2012/13 was certainly a bumper year for the online gambling industry, with no less than three states witnessing the launch of newly-legal online poker rooms and casinos. New Jersey joined both Delaware and Nevada by enacting a new law in February 2013, with its first online casinos launching in late November. The federal government's attitude toward virtual gambling remains unchanged, though, and there are still plenty of hurdles to pass before New Jersey can lay its claim to the USA's online gambling crown.
Since the enactment of the Federal Wire Act 1961, gambling across state lines has been almost entirely illegal across the US. Although the law was originally designed to thwart bets made by telephone or telegraph from other states to Las Vegas, in the modern day it has also served as a barrier to the provision of online gambling services. Things changed in December 2011, though, when the Department of Justice conceded that the 1961 Act was specific only to sports betting, thereby paving the way for individual states to decide whether or not to allow other forms of online gambling within their borders.
Following in the paths of both Nevada and Delaware, New Jersey governor Chris Christie made the most of this decision by signing a bill that legalised online casinos and poker rooms into law in February 2013. These sites will be allowed to operate for a 10-year trial period, providing that they are operated by Atlantic City's 12 existing casinos. While a number of land casinos have launched their own dedicated sites, others have chosen to partner with celebrated international providers such as 888 and Betfair, allowing them to get a head start in the race to become the most popular (and profitable) site.
Whereas the law takes a rather liberal approach to online gambling when compared to the majority of US states, there are a number of conditions that need to be met before a person can legally access any of the virtual casinos. In addition to being at least 21-years-old, users must only play from within the state's borders, with their location checked and verified by GPS software every time they login. Of course, this law isn't all about giving the citizens what they want - the state legislature is also excited about the potential revenue generation opportunities, especially when considering that online operations will pay a 15% tax on their activities, compared to just 8% for a physical venue.
The successful launch of several online casinos illustrates the popularity of casino games such as Roulette and Blackjack, as well as video slots and video poker. Poker is also a very popular market across New Jersey, especially in the casinos of Atlantic City, where both high rollers and newcomers can easily find a whole range of tournaments and competitions.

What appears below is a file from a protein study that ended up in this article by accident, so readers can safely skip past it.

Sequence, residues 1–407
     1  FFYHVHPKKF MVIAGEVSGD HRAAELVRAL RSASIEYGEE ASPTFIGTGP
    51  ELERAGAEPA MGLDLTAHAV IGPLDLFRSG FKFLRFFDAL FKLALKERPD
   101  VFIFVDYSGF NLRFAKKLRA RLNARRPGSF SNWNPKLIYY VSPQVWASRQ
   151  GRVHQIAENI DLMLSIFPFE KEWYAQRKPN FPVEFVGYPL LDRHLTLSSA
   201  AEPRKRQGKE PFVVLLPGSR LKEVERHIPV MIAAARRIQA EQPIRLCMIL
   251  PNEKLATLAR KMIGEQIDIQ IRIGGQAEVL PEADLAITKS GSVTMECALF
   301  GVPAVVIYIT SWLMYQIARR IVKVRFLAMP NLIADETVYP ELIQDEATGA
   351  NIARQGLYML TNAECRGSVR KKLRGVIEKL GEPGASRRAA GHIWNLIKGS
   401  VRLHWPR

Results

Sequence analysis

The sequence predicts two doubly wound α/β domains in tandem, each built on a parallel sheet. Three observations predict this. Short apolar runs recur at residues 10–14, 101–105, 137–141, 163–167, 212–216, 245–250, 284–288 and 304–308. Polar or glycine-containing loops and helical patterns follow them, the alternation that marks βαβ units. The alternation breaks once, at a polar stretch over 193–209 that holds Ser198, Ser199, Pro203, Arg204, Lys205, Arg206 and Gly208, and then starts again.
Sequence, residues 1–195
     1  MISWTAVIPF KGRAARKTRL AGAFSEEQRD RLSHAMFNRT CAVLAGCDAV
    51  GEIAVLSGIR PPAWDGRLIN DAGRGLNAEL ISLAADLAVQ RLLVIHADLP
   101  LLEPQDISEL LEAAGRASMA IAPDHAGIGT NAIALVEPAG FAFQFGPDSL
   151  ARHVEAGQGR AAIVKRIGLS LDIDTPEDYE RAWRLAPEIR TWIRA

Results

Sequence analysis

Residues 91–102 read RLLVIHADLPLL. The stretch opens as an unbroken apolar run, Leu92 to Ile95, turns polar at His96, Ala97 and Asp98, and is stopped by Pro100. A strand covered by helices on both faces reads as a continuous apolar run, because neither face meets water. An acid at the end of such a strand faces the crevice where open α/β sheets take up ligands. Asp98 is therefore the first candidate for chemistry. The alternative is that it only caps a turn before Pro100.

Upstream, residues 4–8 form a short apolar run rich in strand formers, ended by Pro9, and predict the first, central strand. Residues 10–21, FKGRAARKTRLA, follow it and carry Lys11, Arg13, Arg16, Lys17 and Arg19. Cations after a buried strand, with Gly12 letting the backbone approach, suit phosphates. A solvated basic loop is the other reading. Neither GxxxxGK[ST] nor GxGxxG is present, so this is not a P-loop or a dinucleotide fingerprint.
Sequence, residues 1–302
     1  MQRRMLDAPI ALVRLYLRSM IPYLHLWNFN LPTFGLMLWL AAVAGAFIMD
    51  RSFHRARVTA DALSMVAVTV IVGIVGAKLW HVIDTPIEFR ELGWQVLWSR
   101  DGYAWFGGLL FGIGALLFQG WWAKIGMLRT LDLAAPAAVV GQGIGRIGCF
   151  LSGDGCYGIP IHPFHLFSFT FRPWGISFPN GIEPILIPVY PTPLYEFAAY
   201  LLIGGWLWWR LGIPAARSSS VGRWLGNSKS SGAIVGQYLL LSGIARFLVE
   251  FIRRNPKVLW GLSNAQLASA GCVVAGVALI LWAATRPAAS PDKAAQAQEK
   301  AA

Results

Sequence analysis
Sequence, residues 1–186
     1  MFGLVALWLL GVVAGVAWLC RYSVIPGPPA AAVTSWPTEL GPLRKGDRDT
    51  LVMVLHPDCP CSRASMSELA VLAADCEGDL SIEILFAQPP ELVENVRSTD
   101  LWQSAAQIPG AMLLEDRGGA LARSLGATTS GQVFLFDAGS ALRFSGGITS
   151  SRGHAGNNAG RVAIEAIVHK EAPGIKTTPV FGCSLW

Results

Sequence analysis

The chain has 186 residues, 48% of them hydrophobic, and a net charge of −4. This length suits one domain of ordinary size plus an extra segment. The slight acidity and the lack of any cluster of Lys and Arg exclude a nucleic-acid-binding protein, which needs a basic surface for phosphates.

One market that is notably absent from New Jersey is sports betting. While several attempts to legalise the practice have been made by Gov. Christie, the latest ruling from a federal appeals court maintained the blanket ban on sports betting within the state, agreeing with several sporting bodies who argued that allowing sports bets would "harm the integrity" of their games.
Atlantic City hosts a number of major tournaments, including a leg of the World Series of Poker circuit in Harrah's Resort, usually around late November. The World Poker Tour also holds two major events at the Borgata Casino, adding further to the city's prestige - the first is the WPT Winter Poker Open in January, while the larger WPT World Championship takes place in late April.
Apart from a few technical difficulties with the geolocation software, the launch of New Jersey’s online gambling services has been hailed as both a success and a positive step forward for the industry. According to the Washington Post, revenues from the state’s online gambling venture may reach $200 million to $300 million within its first year. While this is only a fraction of the $2.8 billion racked up by the casinos in Atlantic City, it offers another revenue stream for the state to take advantage of.
New Jersey's self-proclaimed status as a test case could also have wider ramifications for online gambling throughout the US. If the 10-year trial period is successful, it would seem only a matter of time before other states began to see the potential of such a huge revenue stream and started to enter into partnerships to allow cross-border gaming. As for New Jersey itself, the battle to bring sports betting to the state rages on, with the Supreme Court now its only hope. Until then, residents will be able to make the most of online casinos and poker rooms aplenty.
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